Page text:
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The Eagles soar,
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This review is from: In Ear Park (Audio CD)
The band, Department Of Eagles, are a duo comprised of musicians Daniel Rossen (from Grizzly Bear) and Fred Nicolaus who were roommates at New York University and 'In Ear Park', their second full-length album release, is an ambitious, grand project with music which could only really be described as undefinable. A mixture of experimental and traditional folk, thoughtful rock and inventive studio sound manipulation make this a constantly intriguing and frequently exciting recording which doesn't get at all boring. An inventive and unrestrained approach to structure and frequent use of less conventional chords make this a real delight for a musician to lose themselves in as well, but it never remains anything less than accessible and enjoyable. In fact, you could imagine a performer such as Harry Nilsson singing some of these tracks ('No One Does It', for example), such is the quality of the songwriting and beauty of the melody.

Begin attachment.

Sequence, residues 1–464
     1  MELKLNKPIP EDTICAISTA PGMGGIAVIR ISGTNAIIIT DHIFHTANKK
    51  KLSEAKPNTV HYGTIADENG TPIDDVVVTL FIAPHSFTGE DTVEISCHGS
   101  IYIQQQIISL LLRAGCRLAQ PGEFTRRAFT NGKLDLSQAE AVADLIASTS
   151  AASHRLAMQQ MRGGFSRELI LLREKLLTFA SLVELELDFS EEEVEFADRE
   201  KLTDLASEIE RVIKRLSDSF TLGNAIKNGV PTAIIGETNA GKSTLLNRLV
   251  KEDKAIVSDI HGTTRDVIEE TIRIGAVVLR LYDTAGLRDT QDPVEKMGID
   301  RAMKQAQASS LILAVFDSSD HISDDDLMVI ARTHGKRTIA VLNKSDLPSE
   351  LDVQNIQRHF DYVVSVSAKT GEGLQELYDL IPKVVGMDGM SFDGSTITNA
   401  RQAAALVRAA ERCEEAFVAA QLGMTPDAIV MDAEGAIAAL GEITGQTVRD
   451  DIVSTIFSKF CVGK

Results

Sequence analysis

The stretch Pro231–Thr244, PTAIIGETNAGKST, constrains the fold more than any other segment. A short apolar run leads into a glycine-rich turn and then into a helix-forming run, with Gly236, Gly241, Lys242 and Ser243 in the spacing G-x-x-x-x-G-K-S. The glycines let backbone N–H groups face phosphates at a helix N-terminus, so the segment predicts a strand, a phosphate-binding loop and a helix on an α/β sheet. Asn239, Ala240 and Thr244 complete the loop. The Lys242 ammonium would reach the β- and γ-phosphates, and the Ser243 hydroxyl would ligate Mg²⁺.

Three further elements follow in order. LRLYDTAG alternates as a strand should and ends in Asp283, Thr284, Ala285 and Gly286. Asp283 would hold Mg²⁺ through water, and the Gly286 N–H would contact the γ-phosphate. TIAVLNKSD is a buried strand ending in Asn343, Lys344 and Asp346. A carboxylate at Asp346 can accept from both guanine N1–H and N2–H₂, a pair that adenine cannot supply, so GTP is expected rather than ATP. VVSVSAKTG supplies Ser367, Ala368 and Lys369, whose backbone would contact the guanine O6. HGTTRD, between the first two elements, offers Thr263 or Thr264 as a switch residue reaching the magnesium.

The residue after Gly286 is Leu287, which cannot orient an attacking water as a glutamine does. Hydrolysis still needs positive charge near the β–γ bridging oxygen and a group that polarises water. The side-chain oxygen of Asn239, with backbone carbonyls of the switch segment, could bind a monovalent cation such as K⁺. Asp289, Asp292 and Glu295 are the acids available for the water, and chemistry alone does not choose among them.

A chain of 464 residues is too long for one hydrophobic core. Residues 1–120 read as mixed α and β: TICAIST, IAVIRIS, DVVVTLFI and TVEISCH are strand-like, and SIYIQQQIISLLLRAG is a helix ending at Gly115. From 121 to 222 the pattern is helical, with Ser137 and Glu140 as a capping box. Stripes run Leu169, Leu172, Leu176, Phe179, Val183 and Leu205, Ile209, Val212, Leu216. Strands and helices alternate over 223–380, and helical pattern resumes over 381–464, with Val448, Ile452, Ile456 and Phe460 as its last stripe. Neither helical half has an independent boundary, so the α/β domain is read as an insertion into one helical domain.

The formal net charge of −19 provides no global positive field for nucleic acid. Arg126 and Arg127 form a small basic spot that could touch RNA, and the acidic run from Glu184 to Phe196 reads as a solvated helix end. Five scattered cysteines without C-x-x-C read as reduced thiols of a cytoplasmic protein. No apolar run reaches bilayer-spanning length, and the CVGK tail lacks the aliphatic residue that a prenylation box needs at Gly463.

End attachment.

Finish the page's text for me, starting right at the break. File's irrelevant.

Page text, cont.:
'Teenagers', possibly my favourite track on 'In Ear Park' reminds me of Mercury Rev at their best with its creaking strings, echoing vocals, vaudeville instrumentation and rippling piano. However, there is an incredible amount of quality all throughout this album such as the delicate, haunting title track, 'In Ear Park', the beautiful McCartney-esque piano ballad 'Herring Bone', the splendidly grand yet slightly warped 'Waves Of Rye' and the gently drifting 'Floating On The Lehigh'... all of these songs have a truly timeless feel to them and yet there is an avant-garde edge to the way they are pieced together and performed which makes them feel strongly up-to-date. I can quite honestly state that there have been few albums released this year which have held my interest and intrigued me as much as this one. Each time you listen to this wonderfully rich collection of songs, you hear something new and although it has been overshadowed by albums which have enjoyed much greater commercial success, there is every chance that this album will one day be recognised for the remarkable piece of work it truly is.